An obvious difficulty consequential to the “Wager” is one which Pascal does not address: whose example should one who accepts God’s existence follow? He specifically points out Christianity, yet the “Wager” could equally be used by Muslims, Jews, &c. A hidden premise seems to be that the reward the Christian purports is greater than all others, yet Pascal did not – and cannot, as one could posit an infinite number of alternative world-views – establish this. By logical extension, one must, therefore, make an arbitrary choice, and it seems Pascal’s anti-intellectualism has “proved too much” for Pascal’s taste.

Modern Philosophy 4

For the class in Modern Philosophy I'm taking this semester, we have to write 15 two-paged papers (minimum) on philosophers such as Descartes, Hume, Locke, and Leibnitz. In this essay, I wrote about Descartes' Meditations (fifth and sixth). The following is my submission:

In his fifth and sixth meditations, Descartes seeks to apply his epistemological framework to questions relating to the existence of material objects, the contingency of knowledge upon the existence of God, erroneous judgments which originate from sensation, and the various differences between mind and body.

Among that which Descartes perceived as true included mathematics. Descartes wrote that various theorems he had formerly intuited as true were, in fact, necessarily true, not due to his limited imagination, but because the nature of that to which the theorems pertain imposed upon his mind their eternality and immutability. A corollary Descartes constructed yielded a second argument for the existence of God: viz. Descartes could not conceive of a non-existent God because existence is a perfection, a truth imposed onto his mind. God’s essence – a perfect being – must therefore entail His existence and, as such, must exist. Since Descartes’ epistemological foundation is essentially grounded in the concept that God mediates this and all other knowledge to His creation, Descartes observed that all knowledge – including mathematical – is dependent upon God’s existence.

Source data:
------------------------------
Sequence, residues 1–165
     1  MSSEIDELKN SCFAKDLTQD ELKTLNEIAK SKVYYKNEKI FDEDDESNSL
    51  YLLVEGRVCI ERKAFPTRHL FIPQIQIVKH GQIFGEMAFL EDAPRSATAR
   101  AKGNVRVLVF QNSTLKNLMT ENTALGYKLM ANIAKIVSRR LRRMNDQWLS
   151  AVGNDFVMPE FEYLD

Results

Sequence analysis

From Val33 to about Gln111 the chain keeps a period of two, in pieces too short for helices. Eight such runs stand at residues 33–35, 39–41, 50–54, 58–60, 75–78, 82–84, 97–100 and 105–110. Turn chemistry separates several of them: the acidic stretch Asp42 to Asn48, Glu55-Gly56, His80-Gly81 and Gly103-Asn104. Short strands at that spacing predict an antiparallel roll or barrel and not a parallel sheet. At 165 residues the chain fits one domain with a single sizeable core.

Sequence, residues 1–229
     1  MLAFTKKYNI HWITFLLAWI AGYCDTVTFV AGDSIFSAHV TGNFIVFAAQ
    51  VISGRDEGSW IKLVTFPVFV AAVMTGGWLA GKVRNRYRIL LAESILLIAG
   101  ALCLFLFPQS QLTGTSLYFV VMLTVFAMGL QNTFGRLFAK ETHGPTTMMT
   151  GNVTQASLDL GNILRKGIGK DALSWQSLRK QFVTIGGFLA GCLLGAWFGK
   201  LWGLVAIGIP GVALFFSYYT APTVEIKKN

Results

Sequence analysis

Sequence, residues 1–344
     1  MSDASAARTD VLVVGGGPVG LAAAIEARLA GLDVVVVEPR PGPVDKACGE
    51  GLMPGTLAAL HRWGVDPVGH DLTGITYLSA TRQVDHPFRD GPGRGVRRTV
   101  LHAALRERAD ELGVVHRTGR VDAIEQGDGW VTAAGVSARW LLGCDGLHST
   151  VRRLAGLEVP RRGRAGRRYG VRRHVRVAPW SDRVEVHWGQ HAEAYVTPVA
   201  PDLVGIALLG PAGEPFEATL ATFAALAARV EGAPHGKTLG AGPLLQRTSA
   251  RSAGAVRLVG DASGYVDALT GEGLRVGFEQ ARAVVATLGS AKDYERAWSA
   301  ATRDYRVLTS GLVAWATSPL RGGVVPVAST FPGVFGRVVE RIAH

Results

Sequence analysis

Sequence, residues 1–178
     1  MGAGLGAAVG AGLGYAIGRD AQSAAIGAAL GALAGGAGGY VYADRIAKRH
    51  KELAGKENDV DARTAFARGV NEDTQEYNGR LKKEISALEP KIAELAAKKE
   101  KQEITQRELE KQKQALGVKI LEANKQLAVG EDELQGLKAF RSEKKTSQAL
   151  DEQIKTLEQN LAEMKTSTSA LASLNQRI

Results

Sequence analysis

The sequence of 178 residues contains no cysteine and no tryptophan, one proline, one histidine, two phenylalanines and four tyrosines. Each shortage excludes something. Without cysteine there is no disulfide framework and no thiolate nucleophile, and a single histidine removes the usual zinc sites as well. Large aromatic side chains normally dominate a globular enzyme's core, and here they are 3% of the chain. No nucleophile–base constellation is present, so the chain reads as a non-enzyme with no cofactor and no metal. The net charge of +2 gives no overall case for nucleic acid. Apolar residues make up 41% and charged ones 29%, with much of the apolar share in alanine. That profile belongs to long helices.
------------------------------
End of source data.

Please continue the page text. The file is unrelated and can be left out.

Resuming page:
Because a perfect – omnipotent – God exists, Descartes claimed to know that, if nothing else, material objects possibly exist. But as Descartes believed that “all that we clearly and distinctly perceive is true,” in order to adequately justify the actual existence of material objects, he also believed that one must first examine ideas in one’s own consciousness in order to discover which are clear and which are confused. The imagination, writes Descartes, is the special exertion of the cognitive faculty whereby one contemplates some object. Because he claimed to be unaware of a means of contemplation of an object aside from sensation, Descartes asserted that the objects themselves probably exist materially.

Descartes then proceeds to reflect on whether or not the existence of material objects can be known with certainty. Reviewing his former reasons for accepting their existence, he explains that the vividness of sensation impressed upon him the idea that he could not have produced such thoughts and that he could not account for the seeming correlation between his body and feelings (e.g. hunger and stomach pains). But when he considered that he could simply be dreaming, could be deceived, or could even possess a subconscious sixth sense such that these imaginations were factitious, Descartes came to doubt the reliability of sensation. Upon constructing his philosophy, however, Descartes began to reexamine the validity of acquiring knowledge by sensation, and he claimed that God – who is by definition not deceptive – would indeed be deceptive if external objects did not exist, as Descartes claimed to clearly perceive that material objects exist. Moreover, as he was able to clearly differentiate one thing from another, although he knew he possessed a body, he also knew he was, in essence, simply a thinking thing. Still, he claimed that the conjoined nature of the mind-body relation is such that he should not doubt that there is some truth in the various perceived correlations between the mind and body. These are things Descartes claimed to be taught “by nature,” or by impulsive reactions to sensations for the purposes of self-preservation. Due to the finiteness of man and misuse of free will, however, these stimuli can actually hinder self-preservation, for upon further consideration the mind may understand that to follow the inclination is hasty or dangerous.